Skip to content


July 24, 2009

“… freedom is a joke when everything costs money.”1

First: I don’t think I like people I hardly know jumping to incorrect conclusions because they inaccurately assumed something about me.  It’s not the most aggravating thing in the world, but it’s not one of my favorites.  But I don’t know how to change it—I don’t even know how to explain exactly where I stand anyway, so how should I know how to stop people before they get confused?  But then, I also admit that I have a tendency to let little things bother me.

A lot of things I never say seem to pop up in conversation from time to time.  The most recent one that has been bothering me was when someone said to me “You can’t hate material possessions that much.  You’re on a computer, after all.”  Then came cars.  Her and I had only spoken a few times, but I don’t ever remember letting out any rally cry against material goods.  I don’t remember letting out any of my personal philosophical beliefs.  It’s easy, even when viewing me from afar, to get a few things about me right, though; one of them might be that I don’t care for anything that is unsustainable in the long term.  Therefore, the reckless pursuit of materials goods is obviously an act deserving of my scorn, because the reckless pursuit of material goods is a practice that cannot be sustained.  And different goods have different affects on the world, and also vary in usefulness.  Of all of the things I have I value some of them.  My bike is one, and my computer another.  Soon enough my “survival gear”—backpack, knives, cooking equipment, tent, blanket, etc.—may become the most useful of all.  I own more than these things, but not a lot.

I also thought more intelligent people would see the error in the “but you’re on a computer!” argument.2 Is it maybe a bit inconsistent to say that a society built to depend upon complex technology cannot be sustained and then use some forms of complex technology?  Probably.  But hypocritical?  I don’t think so.  I was born into this culture and since I can’t yet escape it it’s completely logical that I’ll have some its practices ingrained in me.  This isn’t really the point.

I told her that cars and computers and any other single thing, in and of itself, isn’t the problem.  The issues are the larger society that produces those things, and for me to direct my scorn at a computer or a car or a flat screen TV or anything else would be stupid.  Sure, I don’t like people accumulating more and more junk, but this alone doesn’t define me as a person—it barely even scratches the surface.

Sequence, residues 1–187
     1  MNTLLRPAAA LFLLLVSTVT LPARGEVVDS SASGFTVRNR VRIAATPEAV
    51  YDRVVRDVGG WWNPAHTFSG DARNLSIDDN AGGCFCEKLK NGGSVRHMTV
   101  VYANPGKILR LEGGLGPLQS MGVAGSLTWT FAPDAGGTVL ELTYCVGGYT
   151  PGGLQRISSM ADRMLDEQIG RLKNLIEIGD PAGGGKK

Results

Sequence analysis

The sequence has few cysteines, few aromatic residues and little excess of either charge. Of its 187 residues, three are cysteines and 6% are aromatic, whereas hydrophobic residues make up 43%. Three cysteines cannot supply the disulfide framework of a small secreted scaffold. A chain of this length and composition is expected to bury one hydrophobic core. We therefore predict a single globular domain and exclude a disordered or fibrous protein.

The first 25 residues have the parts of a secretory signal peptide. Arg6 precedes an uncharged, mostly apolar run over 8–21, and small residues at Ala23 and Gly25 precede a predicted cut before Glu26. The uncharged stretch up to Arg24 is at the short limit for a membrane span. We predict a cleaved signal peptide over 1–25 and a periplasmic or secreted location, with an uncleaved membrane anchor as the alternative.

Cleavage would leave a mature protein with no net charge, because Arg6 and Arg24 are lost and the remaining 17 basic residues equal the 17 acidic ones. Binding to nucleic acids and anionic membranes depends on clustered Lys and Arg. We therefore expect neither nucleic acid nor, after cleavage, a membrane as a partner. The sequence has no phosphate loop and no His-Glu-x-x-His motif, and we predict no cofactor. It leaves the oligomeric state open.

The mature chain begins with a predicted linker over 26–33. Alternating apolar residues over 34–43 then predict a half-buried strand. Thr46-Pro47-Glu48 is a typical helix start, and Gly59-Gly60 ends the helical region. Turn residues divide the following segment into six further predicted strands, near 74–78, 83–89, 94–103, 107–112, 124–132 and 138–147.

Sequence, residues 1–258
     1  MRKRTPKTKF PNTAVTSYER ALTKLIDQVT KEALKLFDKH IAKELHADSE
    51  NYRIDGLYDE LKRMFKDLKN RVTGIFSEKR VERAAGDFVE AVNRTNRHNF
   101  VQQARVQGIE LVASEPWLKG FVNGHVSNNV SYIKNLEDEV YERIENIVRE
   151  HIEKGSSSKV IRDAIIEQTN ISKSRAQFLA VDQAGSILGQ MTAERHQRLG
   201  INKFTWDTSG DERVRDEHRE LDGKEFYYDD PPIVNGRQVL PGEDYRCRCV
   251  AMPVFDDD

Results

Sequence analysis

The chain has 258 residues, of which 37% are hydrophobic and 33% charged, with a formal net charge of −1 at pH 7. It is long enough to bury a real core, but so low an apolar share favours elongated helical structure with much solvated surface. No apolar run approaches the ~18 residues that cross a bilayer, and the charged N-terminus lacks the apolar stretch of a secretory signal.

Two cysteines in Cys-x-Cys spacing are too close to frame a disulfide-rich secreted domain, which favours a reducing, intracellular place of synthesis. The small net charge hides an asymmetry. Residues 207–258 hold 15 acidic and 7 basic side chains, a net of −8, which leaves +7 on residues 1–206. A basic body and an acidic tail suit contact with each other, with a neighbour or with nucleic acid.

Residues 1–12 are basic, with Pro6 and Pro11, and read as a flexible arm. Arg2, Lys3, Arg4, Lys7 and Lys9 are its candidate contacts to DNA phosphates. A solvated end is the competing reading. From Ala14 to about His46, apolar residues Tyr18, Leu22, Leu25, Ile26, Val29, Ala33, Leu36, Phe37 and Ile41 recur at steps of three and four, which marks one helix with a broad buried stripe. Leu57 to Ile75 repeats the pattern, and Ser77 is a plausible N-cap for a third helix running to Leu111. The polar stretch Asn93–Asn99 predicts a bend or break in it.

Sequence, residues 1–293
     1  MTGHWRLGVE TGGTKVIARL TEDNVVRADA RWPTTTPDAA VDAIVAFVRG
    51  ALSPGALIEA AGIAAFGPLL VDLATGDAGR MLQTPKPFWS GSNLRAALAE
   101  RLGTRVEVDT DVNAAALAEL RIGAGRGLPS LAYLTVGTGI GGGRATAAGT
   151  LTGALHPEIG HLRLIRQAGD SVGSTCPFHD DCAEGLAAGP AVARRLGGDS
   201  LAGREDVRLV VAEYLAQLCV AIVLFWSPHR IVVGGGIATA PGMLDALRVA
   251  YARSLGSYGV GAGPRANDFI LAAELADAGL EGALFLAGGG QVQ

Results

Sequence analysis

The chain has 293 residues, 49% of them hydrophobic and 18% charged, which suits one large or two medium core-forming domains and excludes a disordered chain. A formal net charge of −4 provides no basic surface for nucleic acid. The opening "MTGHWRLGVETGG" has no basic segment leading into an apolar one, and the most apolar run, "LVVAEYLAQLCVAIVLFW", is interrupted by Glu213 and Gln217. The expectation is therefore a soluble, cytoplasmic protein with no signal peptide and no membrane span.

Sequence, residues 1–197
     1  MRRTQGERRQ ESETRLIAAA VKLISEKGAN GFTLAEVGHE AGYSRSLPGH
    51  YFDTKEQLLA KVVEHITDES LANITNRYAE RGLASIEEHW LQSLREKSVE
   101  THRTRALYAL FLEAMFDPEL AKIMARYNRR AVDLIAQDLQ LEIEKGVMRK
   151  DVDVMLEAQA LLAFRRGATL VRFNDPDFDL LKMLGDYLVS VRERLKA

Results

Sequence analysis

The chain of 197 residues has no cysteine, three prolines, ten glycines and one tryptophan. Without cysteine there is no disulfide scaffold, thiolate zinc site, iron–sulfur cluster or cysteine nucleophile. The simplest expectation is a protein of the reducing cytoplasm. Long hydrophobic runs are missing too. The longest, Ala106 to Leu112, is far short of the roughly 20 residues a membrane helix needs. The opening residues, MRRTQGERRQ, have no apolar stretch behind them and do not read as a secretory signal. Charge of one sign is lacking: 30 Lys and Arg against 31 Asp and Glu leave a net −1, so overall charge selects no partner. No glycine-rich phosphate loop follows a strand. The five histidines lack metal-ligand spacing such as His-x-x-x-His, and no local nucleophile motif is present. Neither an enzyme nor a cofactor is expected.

The car thing is the thing that has bothered me for, well… weeks now, I guess.

“What about a car?  A car is freedom.  I could go anywhere on the continent right now.”

I responded in the way I summarized above: I told her that a car alone isn’t the target of my scorn, and that was kind of the end of it.  But the second thing she said, “A car is freedom,” has really bothered me.  As far as usefulness/utility is concerned, I agree that owning and driving one might be better than owning and watching a fancy TV.  But that owning a driving a car makes you free is something I completely disagree with.

How free you are, what determines that freedom, and what the definition of freedom we’re working with even is would entail a different post altogether; what is clear, however, is that to believe a care makes one “free” is to believe something that is not true.  An automobile provides the illusion of freedom.

These are just a few ways (maybe just one big way) in which owning and driving a car keep a person not free:  Cars cost money—considerable amounts of money, from the time of purchase to the time of junking them.  Buying new ensures that you’ll be making payments for years, indebting you to the dealership, the bank, and whoever else might become involved.  If you stop making payments at any time, someone is going to take your car away.  If you somehow evade them, eventually you’ll have the cops looking for you too.